• Referring to FIG. 3B, the NFC controller 310 is responsive to a select file command from the external reader device 340 by accessing the routing table 312 to identify an appropriate application and its host. By way of example, the secure element 334 is identified as a new current host for effecting NFC communications, and the NFC controller 310 passes communications between the secure element 334 and the external reader device 340. For instance, when the NFC controller 310 receives an ISO7816 “SELECT FILE” command-application protocol data unit (C-APDU), it retrieves the targeted host from the routing table, which becomes the new “current host.” The NFC controller 310 then forwards all incoming C-APDUs (including this first one) from the antenna to the host, and forwards response APDUs (R-APDUs) from the host to the antenna. The NFC controller 310 continues this process until it receives a new “SELECT FILE” C-APDU which is then handled as the previous one.
  • FIG. 4 shows a method involving NFC communications, in accordance with another example embodiment. This approach is amenable to implementation with an NFC controller that monitors incoming communications from local reader devices, and routes data appropriately in accordance with a routing table, such as may be implemented in connection with FIGS. 3A and 3B above. For instance, an NFC controller can monitor application protocol data units (APDUs) received after an initialization (e.g., ISO14443 as discussed below).
  • Beginning with block 410, if a new C-ADPU command is received, a routing table is checked at block 420 to see if an appropriate AID is present in the routing table. If the AID is present, the targeted host specified via the AID is set as a current host at block 430. With this new current host established, the C-ADPU (and further communications) are forwarded to the current host at block 440. Further, responses (R-ADPU) from the current host are forwarded to the local reader device at block 450.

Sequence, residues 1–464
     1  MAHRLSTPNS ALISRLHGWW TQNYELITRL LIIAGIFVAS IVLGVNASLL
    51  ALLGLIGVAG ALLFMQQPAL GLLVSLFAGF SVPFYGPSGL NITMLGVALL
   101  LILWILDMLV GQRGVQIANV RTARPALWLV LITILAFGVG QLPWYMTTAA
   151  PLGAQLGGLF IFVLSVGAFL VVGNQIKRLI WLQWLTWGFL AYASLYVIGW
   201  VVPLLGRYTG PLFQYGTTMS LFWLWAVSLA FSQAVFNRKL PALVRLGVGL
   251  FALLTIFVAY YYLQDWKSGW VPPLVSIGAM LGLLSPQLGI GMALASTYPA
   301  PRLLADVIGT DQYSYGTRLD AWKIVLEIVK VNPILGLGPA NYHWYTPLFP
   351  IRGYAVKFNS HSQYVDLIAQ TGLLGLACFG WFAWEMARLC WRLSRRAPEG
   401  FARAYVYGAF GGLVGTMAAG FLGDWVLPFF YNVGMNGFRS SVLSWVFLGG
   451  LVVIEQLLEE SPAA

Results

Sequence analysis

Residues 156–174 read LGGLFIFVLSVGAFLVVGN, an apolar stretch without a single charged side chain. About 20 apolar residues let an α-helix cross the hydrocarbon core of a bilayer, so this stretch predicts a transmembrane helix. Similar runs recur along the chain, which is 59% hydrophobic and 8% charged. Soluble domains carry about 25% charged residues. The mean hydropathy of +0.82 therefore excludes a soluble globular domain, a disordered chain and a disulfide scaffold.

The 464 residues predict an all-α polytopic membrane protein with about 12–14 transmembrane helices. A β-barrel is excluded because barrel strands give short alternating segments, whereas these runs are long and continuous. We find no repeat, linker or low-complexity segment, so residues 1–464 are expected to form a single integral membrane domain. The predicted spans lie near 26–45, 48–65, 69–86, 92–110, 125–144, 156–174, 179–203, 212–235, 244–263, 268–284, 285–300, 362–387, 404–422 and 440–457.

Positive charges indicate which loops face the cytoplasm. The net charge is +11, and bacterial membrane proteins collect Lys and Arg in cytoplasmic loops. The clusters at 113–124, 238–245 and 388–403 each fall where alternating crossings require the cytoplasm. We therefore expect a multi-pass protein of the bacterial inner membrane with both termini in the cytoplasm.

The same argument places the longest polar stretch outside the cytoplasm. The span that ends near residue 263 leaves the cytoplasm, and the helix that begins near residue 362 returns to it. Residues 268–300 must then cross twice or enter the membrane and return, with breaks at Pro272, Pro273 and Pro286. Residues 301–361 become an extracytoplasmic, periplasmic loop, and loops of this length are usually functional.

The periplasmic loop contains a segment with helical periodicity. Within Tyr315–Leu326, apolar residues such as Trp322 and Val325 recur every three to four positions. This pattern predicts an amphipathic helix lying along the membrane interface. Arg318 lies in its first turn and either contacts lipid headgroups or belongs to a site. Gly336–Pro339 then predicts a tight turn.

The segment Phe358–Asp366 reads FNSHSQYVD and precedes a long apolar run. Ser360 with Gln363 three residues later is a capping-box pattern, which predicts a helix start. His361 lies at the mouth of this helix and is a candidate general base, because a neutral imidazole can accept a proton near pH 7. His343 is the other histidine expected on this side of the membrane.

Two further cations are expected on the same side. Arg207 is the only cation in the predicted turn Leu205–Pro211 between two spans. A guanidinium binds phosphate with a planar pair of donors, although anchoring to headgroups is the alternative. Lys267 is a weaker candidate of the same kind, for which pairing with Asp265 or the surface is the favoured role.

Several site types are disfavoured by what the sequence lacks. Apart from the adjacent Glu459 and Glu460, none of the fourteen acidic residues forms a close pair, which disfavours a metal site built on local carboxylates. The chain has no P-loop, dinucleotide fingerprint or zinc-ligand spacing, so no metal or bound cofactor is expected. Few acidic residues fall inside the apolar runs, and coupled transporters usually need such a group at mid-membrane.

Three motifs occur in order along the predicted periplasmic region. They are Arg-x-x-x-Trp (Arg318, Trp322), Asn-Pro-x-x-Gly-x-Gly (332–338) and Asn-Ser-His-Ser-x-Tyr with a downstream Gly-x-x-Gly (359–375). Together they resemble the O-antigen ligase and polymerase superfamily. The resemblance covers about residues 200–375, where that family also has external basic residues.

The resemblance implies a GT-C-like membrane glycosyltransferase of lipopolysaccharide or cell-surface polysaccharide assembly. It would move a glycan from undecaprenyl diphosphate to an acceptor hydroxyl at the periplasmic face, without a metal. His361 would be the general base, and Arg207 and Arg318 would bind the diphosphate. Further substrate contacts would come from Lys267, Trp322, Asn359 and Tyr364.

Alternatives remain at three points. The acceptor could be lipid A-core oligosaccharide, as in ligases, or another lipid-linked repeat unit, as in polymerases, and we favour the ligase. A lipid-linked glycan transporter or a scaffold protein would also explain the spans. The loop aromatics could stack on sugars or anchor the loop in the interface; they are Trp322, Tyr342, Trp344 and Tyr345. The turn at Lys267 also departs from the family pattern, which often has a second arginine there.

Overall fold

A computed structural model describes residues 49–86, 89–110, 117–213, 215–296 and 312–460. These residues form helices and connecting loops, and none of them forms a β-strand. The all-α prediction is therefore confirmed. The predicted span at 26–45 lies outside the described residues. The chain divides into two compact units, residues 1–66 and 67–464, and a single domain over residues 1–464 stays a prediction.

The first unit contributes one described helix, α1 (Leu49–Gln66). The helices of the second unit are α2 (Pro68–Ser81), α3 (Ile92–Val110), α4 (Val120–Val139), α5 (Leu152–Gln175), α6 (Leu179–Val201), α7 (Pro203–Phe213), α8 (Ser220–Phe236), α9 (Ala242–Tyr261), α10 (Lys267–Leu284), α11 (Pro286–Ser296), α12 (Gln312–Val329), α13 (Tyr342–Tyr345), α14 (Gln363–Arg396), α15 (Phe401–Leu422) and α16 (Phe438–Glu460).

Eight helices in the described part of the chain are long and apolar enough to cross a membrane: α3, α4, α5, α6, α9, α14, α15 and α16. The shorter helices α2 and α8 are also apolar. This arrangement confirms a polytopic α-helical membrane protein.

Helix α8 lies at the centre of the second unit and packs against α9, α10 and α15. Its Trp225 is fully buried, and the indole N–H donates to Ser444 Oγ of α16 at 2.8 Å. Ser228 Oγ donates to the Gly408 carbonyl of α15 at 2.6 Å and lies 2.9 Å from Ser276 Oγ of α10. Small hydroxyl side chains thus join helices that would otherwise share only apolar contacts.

• When a new C-ADPU command is not received at block 410, such as when operating in an initial default state, the C-ADPU and R-ADPU communications are forwarded with a current host at blocks 440 and 450. Similarly, when AID is not present in the routing table at block 420, the communications are also routed via the current host at blocks 440 and 450.
  • The various embodiments discussed herein are implemented with a variety of different types of devices, to effect near field communications, such as communications involving a secure element/component, for many applications. For instance, one or more embodiments are directed to implementation with NFC-capable integrated circuits with mobile devices such as laptop computers, mobile telephones, tablets, and portable music players. In some embodiments, a NFC frontend chip such as model PN544 and/or PN547 (as discussed above) is used with a secure module such as a SmartMX contact interface controller, with an integrated circuit component such as models PN65N or PN65O, all available from NXP Semiconductors of Eindhoven, The Netherlands. A host device communicates with the secure module, and the secure module executes secure functions (e.g., for communicating payment information), and can be operated such that it is not powered at all times and also communicates via RF power. Near-field communications are effected using this approach, such as for the communication of contactless ID information, for establishing network presence, or other near-field (e.g., within a few centimeters) communication. These near-field communications can also effected for operation in various power states (e.g., normal/full power, low battery mode and passive modes (e.g., powered via RF)).